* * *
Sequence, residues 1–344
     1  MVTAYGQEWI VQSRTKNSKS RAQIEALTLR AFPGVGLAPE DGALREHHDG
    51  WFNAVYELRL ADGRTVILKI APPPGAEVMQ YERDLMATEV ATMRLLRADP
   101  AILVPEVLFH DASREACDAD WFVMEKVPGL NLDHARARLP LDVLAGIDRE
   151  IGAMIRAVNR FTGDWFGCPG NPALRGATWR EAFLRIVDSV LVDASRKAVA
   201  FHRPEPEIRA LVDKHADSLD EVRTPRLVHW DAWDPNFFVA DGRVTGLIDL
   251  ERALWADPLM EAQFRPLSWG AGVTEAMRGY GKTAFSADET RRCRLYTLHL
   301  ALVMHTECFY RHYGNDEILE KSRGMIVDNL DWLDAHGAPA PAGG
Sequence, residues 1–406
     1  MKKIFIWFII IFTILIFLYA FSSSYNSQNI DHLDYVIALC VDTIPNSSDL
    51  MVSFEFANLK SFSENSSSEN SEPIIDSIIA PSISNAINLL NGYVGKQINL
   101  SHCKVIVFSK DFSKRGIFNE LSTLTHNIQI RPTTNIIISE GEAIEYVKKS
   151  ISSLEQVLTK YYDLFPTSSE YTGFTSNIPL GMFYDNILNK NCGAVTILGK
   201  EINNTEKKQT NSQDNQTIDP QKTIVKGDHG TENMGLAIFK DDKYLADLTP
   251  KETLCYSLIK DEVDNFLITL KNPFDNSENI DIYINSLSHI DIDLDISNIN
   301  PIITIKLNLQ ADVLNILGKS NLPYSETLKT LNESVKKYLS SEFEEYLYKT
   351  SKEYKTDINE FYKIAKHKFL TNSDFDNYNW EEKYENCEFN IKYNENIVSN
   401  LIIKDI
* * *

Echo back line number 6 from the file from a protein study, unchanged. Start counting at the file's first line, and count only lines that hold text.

   201  FHRPEPEIRA LVDKHADSLD EVRTPRLVHW DAWDPNFFVA DGRVTGLIDL